Originally shown on television on March 31, 1957 the first woman to play Cinderella in this Rogers and Hammerstein production was the beloved Julie Andrews. They say more than one hundred million viewers sat home to watch the show that evening and it would go on to be reproduced for television in 1965 and 1997.

Television and high school stages were not the only places where this musical would be seen. In 1958, the first stage production of Roger and Hammerstein’s Cinderella would be given at the London Coliseum on December 18th. More stage versions were produced including the New York City Opera in 1993, 1995 and 2004. In 2000 a tour was produced for the United States that finished at The Theatre at Madison Square Garden the next year.

A Broadway production was staged in 2013 at the Broadway Theatre and actress Keke Palmer came in the middle to play the title role. The production was hailed for the choice of an African-American actress to play a typically white role and commended for the choice that showed Broadway’s direction of giving more lead and significant roles to people of color and broadening the spectrum that graced the Broadway stage.

 

5. Little Shop of Horrors

Another film to stage musical on our high school list was not inspired from the Rick Moranis/Steve Martin film we all loved. It was actually the other way around. This musical was actually inspired by another film by the same name produced in the year 1960. Alan Menken and Howard Ashman took the low-budget story of Seymour and the man-eating plant Audrey II and created songs to go along with the plot.

They focused on an era of American music known as doo-wop and created some of the most memorable songs from a musical to ever be written, including “Skid Row” and “Suddenly Seymour.” It premiered as an Off-Off-Broadway production by made its way to an Off-Broadway theater, the Orpheum, shortly after its opening and ran for five full years.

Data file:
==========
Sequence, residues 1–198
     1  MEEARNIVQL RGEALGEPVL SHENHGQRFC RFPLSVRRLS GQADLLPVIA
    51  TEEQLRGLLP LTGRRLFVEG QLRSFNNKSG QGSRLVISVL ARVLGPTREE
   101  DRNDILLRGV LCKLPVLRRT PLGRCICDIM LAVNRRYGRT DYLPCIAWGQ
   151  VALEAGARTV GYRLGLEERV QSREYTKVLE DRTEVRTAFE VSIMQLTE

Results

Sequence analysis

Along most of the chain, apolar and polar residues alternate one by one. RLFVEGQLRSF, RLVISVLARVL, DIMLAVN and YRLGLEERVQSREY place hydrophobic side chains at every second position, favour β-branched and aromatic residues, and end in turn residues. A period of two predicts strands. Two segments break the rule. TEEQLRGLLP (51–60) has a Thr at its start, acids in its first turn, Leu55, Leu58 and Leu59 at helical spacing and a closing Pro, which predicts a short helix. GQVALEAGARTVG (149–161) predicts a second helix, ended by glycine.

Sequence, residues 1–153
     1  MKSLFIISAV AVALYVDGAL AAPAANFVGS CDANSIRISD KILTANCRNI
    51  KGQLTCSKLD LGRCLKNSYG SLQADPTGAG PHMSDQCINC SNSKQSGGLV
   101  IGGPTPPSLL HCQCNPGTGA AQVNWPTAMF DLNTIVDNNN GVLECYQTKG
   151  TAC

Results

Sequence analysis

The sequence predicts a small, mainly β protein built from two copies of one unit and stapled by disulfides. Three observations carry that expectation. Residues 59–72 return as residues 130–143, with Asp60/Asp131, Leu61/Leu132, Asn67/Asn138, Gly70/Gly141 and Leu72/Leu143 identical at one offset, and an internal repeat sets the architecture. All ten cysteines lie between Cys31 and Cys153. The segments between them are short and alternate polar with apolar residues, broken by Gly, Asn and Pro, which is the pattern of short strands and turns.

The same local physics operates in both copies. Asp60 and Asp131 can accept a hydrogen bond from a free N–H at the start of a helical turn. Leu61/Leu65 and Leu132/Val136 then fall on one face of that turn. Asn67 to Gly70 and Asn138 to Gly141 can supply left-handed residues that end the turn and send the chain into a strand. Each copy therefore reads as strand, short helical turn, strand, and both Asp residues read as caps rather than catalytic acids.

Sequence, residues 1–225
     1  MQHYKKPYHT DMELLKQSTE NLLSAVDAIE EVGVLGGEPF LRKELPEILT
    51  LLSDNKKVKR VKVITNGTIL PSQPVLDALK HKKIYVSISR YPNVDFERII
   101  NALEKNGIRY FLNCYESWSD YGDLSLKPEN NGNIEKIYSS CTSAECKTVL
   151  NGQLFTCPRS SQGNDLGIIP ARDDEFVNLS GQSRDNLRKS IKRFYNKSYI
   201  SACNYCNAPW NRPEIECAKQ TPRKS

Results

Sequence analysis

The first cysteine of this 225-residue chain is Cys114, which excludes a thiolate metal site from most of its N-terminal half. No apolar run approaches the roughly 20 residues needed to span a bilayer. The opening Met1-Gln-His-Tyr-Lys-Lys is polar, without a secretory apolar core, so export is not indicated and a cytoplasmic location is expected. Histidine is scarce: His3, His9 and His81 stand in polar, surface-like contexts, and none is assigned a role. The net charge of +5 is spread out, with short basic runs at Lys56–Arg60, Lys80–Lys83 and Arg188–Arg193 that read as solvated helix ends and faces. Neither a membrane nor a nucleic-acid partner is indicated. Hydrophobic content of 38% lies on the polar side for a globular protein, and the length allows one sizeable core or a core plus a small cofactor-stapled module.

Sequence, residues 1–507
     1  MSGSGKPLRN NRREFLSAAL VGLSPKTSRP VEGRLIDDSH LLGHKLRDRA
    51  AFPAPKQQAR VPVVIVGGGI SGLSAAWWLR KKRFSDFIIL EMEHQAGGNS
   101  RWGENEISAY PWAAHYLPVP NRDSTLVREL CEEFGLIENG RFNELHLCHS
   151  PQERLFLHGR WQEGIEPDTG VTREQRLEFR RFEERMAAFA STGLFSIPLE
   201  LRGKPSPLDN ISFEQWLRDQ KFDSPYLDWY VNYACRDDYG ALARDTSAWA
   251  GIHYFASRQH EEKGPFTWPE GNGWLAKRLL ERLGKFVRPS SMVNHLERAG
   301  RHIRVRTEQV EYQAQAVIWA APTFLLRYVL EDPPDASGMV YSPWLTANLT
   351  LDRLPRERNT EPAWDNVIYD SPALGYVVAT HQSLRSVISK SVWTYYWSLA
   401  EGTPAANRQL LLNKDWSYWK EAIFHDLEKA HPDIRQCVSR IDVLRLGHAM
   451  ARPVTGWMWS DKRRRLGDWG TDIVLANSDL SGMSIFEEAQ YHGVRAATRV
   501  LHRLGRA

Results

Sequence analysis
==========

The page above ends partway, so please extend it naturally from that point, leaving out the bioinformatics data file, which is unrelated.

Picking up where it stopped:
From an Off-Broadway production in 1982 Little Shop of Horrors went on to be produced at the Comedy Theatre in London’s West End in 1983. Running for more than eight hundred performances this production closed its run on October 5, 1985. It won the Best Musical category in the Evening Standard Awards.

From there it was made into the popular film in 1986 and subsequently saw a Broadway run in 2003. Other awards it has taken home were the Drama Critics Circle Award for Best Musical, the Drama Desk Away for Best Musical and an Outer Critics Circle Award. It is no wonder with its dark yet humorous storyline and campy characters that this work would be a favorite for high schools to reproduce.

 

6. Anything Goes

Our final musical on this high school list was originally premiered on Broadway in 1934 and has music and lyrics written by Cole Porter. The plot surrounds the character Billy Crocker, who stows away on a cruise ship that is headed to London from New York city. Crocker is madly in love with Hope Harcourt, an upper class woman who is promised to Lord Evelyn Oakleigh. Croker plots to win Harcourt’s heart.

The idea for the story was from Vinton Freedley, producer, who had spent time living on an ocean liner. He did so to avoid the money he owed to creditors in the United States. After selecting a team of writers and Ethel Merman to star they created a few drafts. The first title was Crazy Week but then it became Hard to Get until they decided on the title Anything Goes.

It is said that the first script set to appear on Broadway included plot points of a shipwreck, but right before the debut the SS Morro Castle, which had set sail from New York to Cuba, caught fire and nearly one hundred and fifty passengers and crew died in the tragedy. Feeling that it would be in poor taste to showcase a musical with that theme the script was rewritten quickly before opening night.

From its first production until today this musical has been made into a film in 1936, appeared in London’s West End in 1935 with revivals there in 1989 and 2003. Broadway revivals have been produced in 1987 and 2011 as well as an Off-Broadway production in 1962. It has won Tony Awards and Drama Desk Awards and songs from this work have gone on to be used in many pop culture references. Some include the use of “I Get a Kick Out of You” in Mel Brooks movie Blazing Saddles, “You’re the Top” in the movie Evil Under the Sun and “Anything Goes”, the title song, sung by Kate Capshaw in Indiana Jones and the Temple of Doom.

All these songs are iconic and most of the United States population can recognize them without having ever seen the legendary musical. So it is fitting that this Cole Porter original would be recreated many times in high schools across the US.

Continue to the second half of the list here!